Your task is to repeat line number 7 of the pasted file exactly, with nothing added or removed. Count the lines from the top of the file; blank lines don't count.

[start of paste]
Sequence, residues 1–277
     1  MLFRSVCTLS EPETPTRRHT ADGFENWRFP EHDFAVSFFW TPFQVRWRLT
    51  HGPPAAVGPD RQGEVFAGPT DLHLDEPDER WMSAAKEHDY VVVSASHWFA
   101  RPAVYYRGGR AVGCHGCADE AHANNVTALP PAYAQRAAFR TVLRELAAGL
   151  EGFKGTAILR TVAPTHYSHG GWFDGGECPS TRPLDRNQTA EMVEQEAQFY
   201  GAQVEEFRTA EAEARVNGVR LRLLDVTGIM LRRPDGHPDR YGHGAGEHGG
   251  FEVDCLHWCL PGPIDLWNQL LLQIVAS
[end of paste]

   251  FEVDCLHWCL PGPIDLWNQL LLQIVAS